Pick a value
- No elements found. Consider changing the search query.
- List is empty.
- What we stand for
- Our members that move with us
- See the impact we create
- Knowledge sharing
Having returned to Amsterdam after another successful year of the OECD Forum on Due Diligence in the Garment and Footwear Sector, we share Fair Wear’s key reflections and learnings from our time in Paris.
Nazma Akter, Founder and Executive Director of Awaj Foundation, kicked off the Forum with her powerful keynote speech, highlighting the still pervasive power imbalances across the garment and footwear sector. She explained that ‘to counter this, we need systemic change, and power should be equally distributed in all aspects.’ Akter’s words were a timely rallying call and reflect Fair Wear’s overall belief that power imbalances pose the greatest threat to achieving our vision of world where garment workers see their human rights realised.
During this first day, Hester Janssens, Fair Wear’s Stakeholder Engagement and Partnerships Manager, joined the panel for the plenary on ‘Assessing Responsible Business Conduct Due Diligence Implementation: Reflecting a risk-based approach’. As a shared supply chain approach has been part of Fair Wear’s makeup since our inception, we have been assessing brands’ progress in implementing risk-based due diligence for many years now. We were therefore able to offer unique insights to the panel discussion on how brands can collaborate together to inform meaningful and impactful risk-based due diligence.
For example, Janssens urged that ‘we cannot audit ourselves out of problems. Access to remedy is something that needs to be addressed in strong collaboration – between brands and their suppliers and workers, and also between brands themselves to gain greater leverage for remediation.’ Similar calls were shared by Arnua Kashyap from Human Rights Watch, who highlighted that ‘collaboration cannot happen if companies are not mapping and disclosing their factories and supply chains.’
The plenary was joined by Emily Norton from the OECD and Sarosh Kuruvilla from Cornell University, and was moderated by Hannah Koep-Andrieu from the OECD.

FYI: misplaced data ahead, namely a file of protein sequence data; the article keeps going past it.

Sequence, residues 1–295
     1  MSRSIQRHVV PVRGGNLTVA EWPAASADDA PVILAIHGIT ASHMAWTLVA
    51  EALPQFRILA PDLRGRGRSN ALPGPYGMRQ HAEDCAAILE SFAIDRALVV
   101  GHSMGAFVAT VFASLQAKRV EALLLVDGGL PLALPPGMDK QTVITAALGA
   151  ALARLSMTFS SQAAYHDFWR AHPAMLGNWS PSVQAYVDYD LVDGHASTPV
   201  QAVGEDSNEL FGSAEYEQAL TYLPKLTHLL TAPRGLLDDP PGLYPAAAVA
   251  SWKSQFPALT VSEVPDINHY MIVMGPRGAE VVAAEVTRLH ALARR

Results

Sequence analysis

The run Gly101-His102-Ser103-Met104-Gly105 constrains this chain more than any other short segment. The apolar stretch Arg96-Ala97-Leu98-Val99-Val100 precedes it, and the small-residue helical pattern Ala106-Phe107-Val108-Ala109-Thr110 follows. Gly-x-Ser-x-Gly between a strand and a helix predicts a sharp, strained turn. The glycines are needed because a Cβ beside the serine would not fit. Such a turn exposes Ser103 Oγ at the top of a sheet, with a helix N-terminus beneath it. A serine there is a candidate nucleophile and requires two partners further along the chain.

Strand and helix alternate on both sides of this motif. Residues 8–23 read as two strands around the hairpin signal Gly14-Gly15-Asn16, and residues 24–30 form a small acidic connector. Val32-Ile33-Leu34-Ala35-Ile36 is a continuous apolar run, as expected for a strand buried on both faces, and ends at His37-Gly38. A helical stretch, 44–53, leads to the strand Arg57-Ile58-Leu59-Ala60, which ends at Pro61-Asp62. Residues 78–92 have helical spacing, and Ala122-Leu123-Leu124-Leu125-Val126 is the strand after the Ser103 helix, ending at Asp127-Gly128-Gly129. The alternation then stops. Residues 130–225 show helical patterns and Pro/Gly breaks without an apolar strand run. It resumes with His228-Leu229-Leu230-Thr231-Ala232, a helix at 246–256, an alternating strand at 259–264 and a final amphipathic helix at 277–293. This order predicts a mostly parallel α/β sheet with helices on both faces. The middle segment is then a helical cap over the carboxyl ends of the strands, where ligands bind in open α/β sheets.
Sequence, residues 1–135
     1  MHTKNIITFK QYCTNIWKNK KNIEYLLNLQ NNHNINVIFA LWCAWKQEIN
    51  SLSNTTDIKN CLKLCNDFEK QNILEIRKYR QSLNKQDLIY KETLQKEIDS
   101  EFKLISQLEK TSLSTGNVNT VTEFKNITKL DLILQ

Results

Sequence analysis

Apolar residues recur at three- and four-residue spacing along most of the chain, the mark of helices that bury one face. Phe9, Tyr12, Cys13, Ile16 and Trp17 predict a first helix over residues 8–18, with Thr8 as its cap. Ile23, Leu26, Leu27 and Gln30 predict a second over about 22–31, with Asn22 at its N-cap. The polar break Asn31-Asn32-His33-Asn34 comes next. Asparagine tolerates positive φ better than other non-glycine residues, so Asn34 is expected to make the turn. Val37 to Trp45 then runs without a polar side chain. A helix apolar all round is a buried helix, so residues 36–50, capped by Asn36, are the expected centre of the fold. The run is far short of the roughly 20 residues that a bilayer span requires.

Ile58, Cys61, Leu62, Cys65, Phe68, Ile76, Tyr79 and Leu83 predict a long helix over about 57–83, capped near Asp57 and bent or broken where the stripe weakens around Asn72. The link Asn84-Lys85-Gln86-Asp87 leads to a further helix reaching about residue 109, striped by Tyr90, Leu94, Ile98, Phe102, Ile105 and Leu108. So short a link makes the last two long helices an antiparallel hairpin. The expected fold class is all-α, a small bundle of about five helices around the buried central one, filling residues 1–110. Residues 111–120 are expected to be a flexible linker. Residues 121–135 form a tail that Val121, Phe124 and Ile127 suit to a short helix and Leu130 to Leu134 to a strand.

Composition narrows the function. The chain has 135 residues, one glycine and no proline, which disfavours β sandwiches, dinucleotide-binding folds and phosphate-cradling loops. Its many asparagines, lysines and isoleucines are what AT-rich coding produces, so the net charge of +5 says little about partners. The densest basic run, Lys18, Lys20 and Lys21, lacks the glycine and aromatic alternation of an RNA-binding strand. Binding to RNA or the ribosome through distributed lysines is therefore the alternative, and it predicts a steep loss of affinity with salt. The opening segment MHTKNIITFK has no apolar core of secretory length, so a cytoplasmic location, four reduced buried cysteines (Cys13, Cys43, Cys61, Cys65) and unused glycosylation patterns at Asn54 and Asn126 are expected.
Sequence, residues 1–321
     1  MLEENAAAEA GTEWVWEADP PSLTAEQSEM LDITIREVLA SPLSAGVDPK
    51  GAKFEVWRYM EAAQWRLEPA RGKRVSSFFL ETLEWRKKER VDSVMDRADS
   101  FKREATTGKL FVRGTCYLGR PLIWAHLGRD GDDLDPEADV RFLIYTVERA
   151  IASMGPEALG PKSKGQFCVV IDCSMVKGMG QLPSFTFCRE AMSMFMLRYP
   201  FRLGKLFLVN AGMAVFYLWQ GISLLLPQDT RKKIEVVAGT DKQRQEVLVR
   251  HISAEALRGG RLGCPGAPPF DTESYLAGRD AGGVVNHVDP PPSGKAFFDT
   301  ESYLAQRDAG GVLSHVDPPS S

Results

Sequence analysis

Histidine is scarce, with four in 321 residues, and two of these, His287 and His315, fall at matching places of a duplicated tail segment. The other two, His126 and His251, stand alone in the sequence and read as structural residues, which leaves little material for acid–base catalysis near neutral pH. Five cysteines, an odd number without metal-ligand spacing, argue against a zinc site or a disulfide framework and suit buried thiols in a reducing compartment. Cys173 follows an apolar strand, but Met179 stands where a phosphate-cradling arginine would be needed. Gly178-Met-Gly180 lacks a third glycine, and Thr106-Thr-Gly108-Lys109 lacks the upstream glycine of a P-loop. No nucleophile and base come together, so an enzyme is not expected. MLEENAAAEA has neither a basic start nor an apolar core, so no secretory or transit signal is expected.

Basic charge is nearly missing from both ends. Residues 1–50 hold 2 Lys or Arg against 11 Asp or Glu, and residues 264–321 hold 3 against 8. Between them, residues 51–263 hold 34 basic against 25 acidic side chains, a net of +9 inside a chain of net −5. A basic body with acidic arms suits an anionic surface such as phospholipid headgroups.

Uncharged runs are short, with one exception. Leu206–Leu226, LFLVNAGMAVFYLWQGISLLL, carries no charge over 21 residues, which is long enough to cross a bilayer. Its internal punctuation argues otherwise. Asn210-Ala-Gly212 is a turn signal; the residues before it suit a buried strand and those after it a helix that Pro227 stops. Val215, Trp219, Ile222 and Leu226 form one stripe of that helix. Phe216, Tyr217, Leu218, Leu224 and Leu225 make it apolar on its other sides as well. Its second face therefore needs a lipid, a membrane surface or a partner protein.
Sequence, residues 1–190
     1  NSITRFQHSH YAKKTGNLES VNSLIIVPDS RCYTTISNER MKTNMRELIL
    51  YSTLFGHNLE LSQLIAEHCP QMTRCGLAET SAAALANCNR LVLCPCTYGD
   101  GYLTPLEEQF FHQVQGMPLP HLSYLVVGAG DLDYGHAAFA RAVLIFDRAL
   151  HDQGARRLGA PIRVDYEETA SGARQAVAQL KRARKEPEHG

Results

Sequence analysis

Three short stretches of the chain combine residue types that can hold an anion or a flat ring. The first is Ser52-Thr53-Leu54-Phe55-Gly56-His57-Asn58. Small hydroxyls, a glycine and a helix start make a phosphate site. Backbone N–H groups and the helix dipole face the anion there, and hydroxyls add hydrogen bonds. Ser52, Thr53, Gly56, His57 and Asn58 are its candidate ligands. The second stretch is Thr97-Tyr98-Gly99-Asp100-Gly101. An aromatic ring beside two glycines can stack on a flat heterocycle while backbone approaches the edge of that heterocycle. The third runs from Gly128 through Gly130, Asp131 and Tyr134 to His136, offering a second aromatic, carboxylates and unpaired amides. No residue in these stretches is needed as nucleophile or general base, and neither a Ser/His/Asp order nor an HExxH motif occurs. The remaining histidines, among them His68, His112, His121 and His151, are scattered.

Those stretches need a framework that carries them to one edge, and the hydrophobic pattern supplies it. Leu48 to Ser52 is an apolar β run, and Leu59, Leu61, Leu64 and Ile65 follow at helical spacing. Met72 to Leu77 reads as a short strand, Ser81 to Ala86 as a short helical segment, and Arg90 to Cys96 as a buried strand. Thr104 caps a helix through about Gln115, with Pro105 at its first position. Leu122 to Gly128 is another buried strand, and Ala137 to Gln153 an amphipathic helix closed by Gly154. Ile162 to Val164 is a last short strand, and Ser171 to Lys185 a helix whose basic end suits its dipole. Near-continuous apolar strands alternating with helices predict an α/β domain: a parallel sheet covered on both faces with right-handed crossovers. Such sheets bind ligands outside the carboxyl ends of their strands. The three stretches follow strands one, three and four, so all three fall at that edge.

On the second day of the Forum in Paris, The Industry We Want (TIWW) co-hosted ‘Implementing impactful due diligence: a practical perspective from Vietnam’, a hybrid two-panel, two-country Forum session connecting Hanoi and Paris.
Crucially, each panellist agreed on the equal responsibility shared by all stakeholders involved in protecting human rights and the environment, as well as the need to foster equitable partnerships between them. Opportunities to collaborate for furthering impact were then discussed among them.
When discussing purchasing practices, panellist Matthijs Crietee from International Apparel Federation (IAF) shared that ‘we have to understand that purchasing practices sit at the heart of due diligence. We need to be cautious as the essence of due diligence is not about risk transfer, rather it is about risk sharing. It’s all about collaboration. Due diligence is not implemented through buying power but through collaboration.’ Luu Tien Chung from Vietnam Textile & Apparel Association (VITAS) reflected Crietee’s words, noting that ‘when enterprises fulfil all human rights due diligence standards, they will be able to address the power imbalances between factories and buyers.’
The panel brought together Van Binh Nguyen from the Ministry of Labour, Invalids and Social Affairs, Pham Thi Thanh Tam from the Vietnam Textile and Garment Trade Unions, Anosha Wahidi from the Federal Ministry for Economic Cooperation and Development (BMZ) and Joy Roeterdink from Suitsupply, moderated in Paris by Fair Wear’s Executive Director, Alexander Kohnstamm, and Prof. Dr. Hai Nguyen Thi Thanh from Ho Chi Minh National Academy of Politics & Public Administration in Vietnam. Facilitating exchange between so many knowledgeable, diverse and creative stakeholders from across the sector is synonymous with TIWW’s mission: to enhance collaboration, build trust, and shape shared visions throughout the supply chain.
Finally, Alexander Kohnstamm shared his key takeaway of the session:
‘This session really highlighted the potential of due diligence for collectively reducing risks for human rights. At the same time, it reminded us that we must avoid due diligence becoming a new way of auditing, and instead, that it really becomes a way to address our power imbalances.’
Kohnstamm’s words reflect Akter’s keynote speech, as well as the driving ambition of the Forum – to share learnings on implementing due diligence in a collaborative and neutral environment.